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Anti-fracking ballot issue fight must end

We are glad to see that anti-fracking activists are rethinking, at least for now, their ongoing and repeatedly unsuccessful attempts to gain voter approval on a resolution that would effectively ban, or at least heavily restrict, the oil and natural gas industry from doing business — any business — in the city of Youngstown.

The ballot issue has failed eight times since 2013. Think about that — eight times.

We believe it’s safe to assume the issue has failed so many times because voters realize the negative longterm effects the issue could have on business and the local economy. Legal experts also have argued that the costs could be astronomical to taxpayers in terms of legal battles that likely would ensue if the issue passed.

Known as the “Community Bill of Rights,” this amendment to Youngstown’s charter has been described by economic development experts as a “dangerous amendment” that would lead to an economic recovery setback.

Supporters of the anti-fracking charter amendment decided this year not to submit documentation in an attempt to return the issue to the November ballot, and they say they may not do so next year either.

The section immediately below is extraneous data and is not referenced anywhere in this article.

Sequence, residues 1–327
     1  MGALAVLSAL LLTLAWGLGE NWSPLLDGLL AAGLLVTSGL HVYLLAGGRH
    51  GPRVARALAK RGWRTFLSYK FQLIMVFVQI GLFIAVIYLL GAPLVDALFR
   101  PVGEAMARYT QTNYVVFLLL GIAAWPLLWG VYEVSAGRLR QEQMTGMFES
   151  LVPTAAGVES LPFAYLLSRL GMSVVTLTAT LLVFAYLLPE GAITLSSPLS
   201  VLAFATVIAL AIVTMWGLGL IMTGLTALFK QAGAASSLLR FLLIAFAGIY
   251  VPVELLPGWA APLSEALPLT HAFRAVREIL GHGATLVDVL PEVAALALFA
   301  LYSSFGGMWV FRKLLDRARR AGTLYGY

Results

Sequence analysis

Still, they say it may not go away permanently. Instead, they are regrouping.

But one group member admits they are tired of defeat, even after begging people to help the cause.

“I’ve spent so much time going door-to-door getting signatures and doing it with so few people. I haven’t given up, but where are the people standing with me? We have a small group, and we’re not getting help from others. We need people to stand up and get the facts. We want people to join us.”

That anti-frack activist also raised concern about the amount of money spent campaigning against the charter amendment issue.

“It’s so sickening,” she said. “It’s endless money. What I’ve learned is, money is speech. I thought we had a democracy, but we have an oligarchy. It’s stacked against us,” said anti-frack committee member Lynn Anderson.

We disagree on that assessment of our political system.

No one should dispute that we live in a democracy. In fact, this issue repeatedly has been handled democratically. But after eight attempts and eight failures, we believe it is time for the supporters of the Community Bill of Rights to realize the majority of voters have spoken. Now, the group should stop trying to force the matter on voters who have defeated the measure soundly eight times.

It’s time for the frack-free group to realize that and give up on its plans to consider new ways of seeking passage in the future.